HSBC Online Banking activation

We're currently making improvements to our Online Banking service.

If you registered for Online Banking prior to the 17th December 2014 it's not possible for you to activate your existing Secure Key and you will need to re-start your registration.

If you registered for Online Banking after this date, please log on to Online Banking entering your username, memorable answer and your password, from here you will be prompted to activate your Secure Key.

We apologise for any inconvenience which this delay may cause. Once you are registered, we look forward to introducing you to Online Banking, including the exciting enhancements we're working on now.

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Having more credit can give you extra financial flexibility. Here's a guide to how your limit is calculated and how you can increase it.

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What is a credit limit?

The credit limit on a credit card is the maximum amount you can borrow on that card at any one time. The credit card company will set your limit depending on how much you can afford to borrow. They will look at various factors to assess this. Your limit could be anything from a few hundred to a few thousand pounds. Usually, you won't know what your credit limit will be when you apply for your card, but you need to think about what is affordable for you.

Once you've spent up to your limit on the card, it's 'maxed out' - you won't be able to use it again until you've reduced your balance accordingly.

Staying within your credit limit maintains your credit score and helps you manage your debt sensibly.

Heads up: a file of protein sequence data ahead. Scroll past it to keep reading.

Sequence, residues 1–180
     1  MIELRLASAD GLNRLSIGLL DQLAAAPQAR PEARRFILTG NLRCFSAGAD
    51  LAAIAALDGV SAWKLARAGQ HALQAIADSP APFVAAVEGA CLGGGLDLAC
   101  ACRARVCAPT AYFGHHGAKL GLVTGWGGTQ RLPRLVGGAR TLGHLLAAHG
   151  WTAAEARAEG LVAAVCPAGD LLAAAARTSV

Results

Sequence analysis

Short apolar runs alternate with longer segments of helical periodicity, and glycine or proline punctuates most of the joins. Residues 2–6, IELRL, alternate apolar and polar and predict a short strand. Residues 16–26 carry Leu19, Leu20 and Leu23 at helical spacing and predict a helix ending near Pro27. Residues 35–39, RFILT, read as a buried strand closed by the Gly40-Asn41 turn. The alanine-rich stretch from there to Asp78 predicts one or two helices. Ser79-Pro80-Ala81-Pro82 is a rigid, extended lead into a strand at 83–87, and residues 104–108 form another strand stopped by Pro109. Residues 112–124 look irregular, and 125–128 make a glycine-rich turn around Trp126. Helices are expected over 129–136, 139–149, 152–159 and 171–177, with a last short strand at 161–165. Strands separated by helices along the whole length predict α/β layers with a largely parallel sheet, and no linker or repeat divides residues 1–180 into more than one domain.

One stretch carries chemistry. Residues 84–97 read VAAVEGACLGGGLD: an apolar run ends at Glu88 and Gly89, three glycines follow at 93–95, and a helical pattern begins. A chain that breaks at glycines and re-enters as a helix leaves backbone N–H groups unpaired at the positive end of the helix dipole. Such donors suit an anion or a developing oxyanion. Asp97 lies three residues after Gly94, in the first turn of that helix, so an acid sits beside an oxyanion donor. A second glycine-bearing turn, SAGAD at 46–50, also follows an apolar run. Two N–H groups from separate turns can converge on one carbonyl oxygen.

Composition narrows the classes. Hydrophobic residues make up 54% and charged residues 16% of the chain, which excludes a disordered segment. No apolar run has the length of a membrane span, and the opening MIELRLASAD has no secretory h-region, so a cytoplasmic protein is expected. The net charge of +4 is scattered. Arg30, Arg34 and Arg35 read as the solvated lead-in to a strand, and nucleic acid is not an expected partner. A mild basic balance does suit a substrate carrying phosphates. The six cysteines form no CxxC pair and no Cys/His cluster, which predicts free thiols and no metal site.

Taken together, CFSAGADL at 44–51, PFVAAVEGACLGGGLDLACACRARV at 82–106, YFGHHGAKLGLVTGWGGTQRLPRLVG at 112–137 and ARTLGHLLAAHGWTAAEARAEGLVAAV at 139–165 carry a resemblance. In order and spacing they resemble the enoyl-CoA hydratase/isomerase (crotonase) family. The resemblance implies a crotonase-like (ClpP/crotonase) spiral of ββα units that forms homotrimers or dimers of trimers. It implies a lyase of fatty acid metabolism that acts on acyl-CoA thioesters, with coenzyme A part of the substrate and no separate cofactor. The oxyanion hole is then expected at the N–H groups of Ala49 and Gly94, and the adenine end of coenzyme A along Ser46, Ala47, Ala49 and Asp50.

How is your credit limit calculated?

The lender will look at your credit history as well as other key factors to decide whether to accept your application and what credit limit to offer.

Some of the key factors a lender will consider as part of their affordability calculations are:

  • your earnings - in particular, what's left over after your monthly expenses
  • your debts - for example, a mortgage, loans or other credit cards
  • your current credit - the card or overdraft credit you have available but aren't currently using
  • your repayment history - whether you've missed payments on debts in the past

Their goal is to offer you a credit limit that they're confident you can afford, reducing the risk to them.

What if you go over your credit limit?

If you're already near your credit limit and you make a purchase that will push you over, the credit card company will let the transaction go through on some occasions.

However, being over your limit will have consequences. You'll normally be charged a fee. There could also be longer-term effects. Going over your limit could damage your credit rating and, if it happens repeatedly, lead to your credit card company lowering your credit limit or closing your account altogether.

How to increase credit card limits

Usually you can request to increase your credit limit by contacting your card provider.

You'll need to tell them the new credit limit you'd like. They will then look at your card use and credit history and make a decision. They may approve the credit limit increase, offer a lower increase or refuse altogether.

The card provider will have a policy on credit limit increases. Some only offer an increase once you've had the card for six months or a year.

Top tips to increase your credit limit

  • Never miss a payment - even paying your credit card bill one day late could affect your chances of getting a credit limit increase in future.
  • Give it time - the longer you've had your card, the more likely you are to get a credit limit increase.
  • Use your card regularly and sensibly, without going too close to your credit limit. This shows lenders that you can manage credit and will make them more likely to be willing to offer you more credit in the future.
  • Don't ask too often - requesting a credit limit increase too many times can affect your credit score.

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Did you know...?
You can decrease the credit limit on a credit card. Reducing your unused credit can make it easier to get a loan or mortgage, as you will have reduced the existing credit you have available.
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